Expat Names

spell my name wrongHere’s a question for expat readers, especially expats in France: how do you give your last name to people?

For me, there are a good number of ways it can go, depending on what I say, and depending on the person on the person I’m giving it to.

Option 1:

Me: Alors le nom c’est Fitzp*******. Donc F comme François, I, T comme Thomas, Z, P-A-T-R-I—
Other person: Attendez attendez! P… A…. T… comment?
Me: Putain c’est comme le prénom Patrick, arrêtez de rendre les choses difficiles!

(No really, I’ve never said that, but I always want to!)

Option 2:

Me: Alors le nom, c’est Fitzp*******. Donc F comme François, I, T comme Thomas, Z, et la suite c’est comme le prénom Patrick.

And a few days later I find I’ve been registered as Fitz, P*******. The person never bothered to ask for my first name because clearly the woman you’re talking to is named Patrick! Foreigners are capable of anything, why not give your daughter what’s clearly a boy’s name?

Recently I’ve tried specifiying and saying “le nom de famille, c’est Fitzp*******” but that has only yielded middling results. People still seem to think I’m called Patrick.

The reverse thing that happens is that people have my name written in front of them, see that consonant cluster, and panic. No one actually has trouble with my last name once they’ve heard it once. But that tzp, it almost gives them a heart attack.

Growing up in the States, Fitzp******* was pretty much understood everywhere, but sometimes in Texas you’d run into someone who’d never heard it, and I’d have to resist calling them a freak. “Fitzp*******, that’s a weird name, huh?” “No not really, have you heard of John Fitzgerald Kennedy? F Scott Fitzgerald? No? I did suspect you lived in a box.”

The only place it’s ever been truly easy with my last name was in Ireland. I remember at the hostel in Killarney, I rattled off my first + last names and without a blink, the girl wrote them down. Ahhh.

Anyone else have trouble getting their foreign name to be written correctly? And what solutions have you found?


12 thoughts on “Expat Names

  1. L says:

    At the risk of revealing my “anonymity”, my last name is a famous whisky brand in France. So I always say “C……., comme la marque de whisky”. That almost always works and usually gets a chuckle. I recently reserved rooms in England by phone, and it was such a treat to just say my last name once and not have to explain it!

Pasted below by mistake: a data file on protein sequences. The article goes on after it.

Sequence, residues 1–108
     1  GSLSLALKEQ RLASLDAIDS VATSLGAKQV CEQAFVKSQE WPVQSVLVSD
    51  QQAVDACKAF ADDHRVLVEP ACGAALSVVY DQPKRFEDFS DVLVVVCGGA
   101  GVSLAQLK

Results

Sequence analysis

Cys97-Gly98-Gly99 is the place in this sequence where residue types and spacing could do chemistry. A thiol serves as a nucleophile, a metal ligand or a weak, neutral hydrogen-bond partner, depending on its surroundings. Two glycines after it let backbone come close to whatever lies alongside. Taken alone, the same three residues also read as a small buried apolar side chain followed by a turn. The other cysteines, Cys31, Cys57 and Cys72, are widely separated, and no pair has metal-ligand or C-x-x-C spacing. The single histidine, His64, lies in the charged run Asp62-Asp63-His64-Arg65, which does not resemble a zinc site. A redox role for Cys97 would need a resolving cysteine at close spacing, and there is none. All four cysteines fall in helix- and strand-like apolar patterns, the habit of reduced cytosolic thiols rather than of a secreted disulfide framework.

2. My last name has always been a problem in the United States, but almost never in France! (It’s pronounced Will-guess) and has Polish origins. What is a problem for me in France is my first name!

    Obviously in the United States, people know that my name is pronounced Day-na (although I get the occasional ‘Danna’ with a short ‘a’ sound.) However, in France, I am always “Dah-na” or the American equivalent of “Donna.” When I try to correct them, they usually look at me and say, “Ah, mais c’est Diana!?” Non!! LOL. I am now “Dah-nah” in France.

  3. I kind of have the opposite to “L” – people have trouble with my name in English for some reason, even though it’s actually really easy, but I can say “like [insert common term here]”. That doesn’t work in French, so I just spell it “A,B,C…” I also pronounce it differently to help them understand, same with my first name.

    Weirdly, when I got my bus pass here in Brussels, the woman only put half my last name on there, and when I pointed that out, she said the system didn’t take noms de famille composés. Except my last name is one word and she copied it down from my passport!

  4. I guess them thinking you might have a boys’ name as your first name isn’t so surprising when you think that Lawrence sounds like a girl in French, Jean-Marie would be a girl in English. And then there are all those American actresses like Cameron Diaz and Blake Lively who actually do have boys’ names for first names – no wonder it’s confusing!

    My name has a French equivalent with a different spelling and I usually end up with some mix of the English spelling and the French one, even when I spell it out. One thing I am always amazed by (and it’s not specific to the French) is people’s inability to listen, even when they think they are!

  5. They turn the Fs in my name to Ls all the time . . . So I’ve started saying “F comme France” hehe. And of course we decided that bébé’s first name doesn’t have an accent, when it normally does in French, so we kind of shot ourselves in the foot with that one, lol. But people tend to add an accent to my name, because of the pronunciation, so it’s just all sorts of confusing, haha.

    • That’ll be fun when he learns to write his name at school! I bet the teacher will screw it up. But way to be different!
      I think I’m going to stop saying “F comme…” and just spell it.

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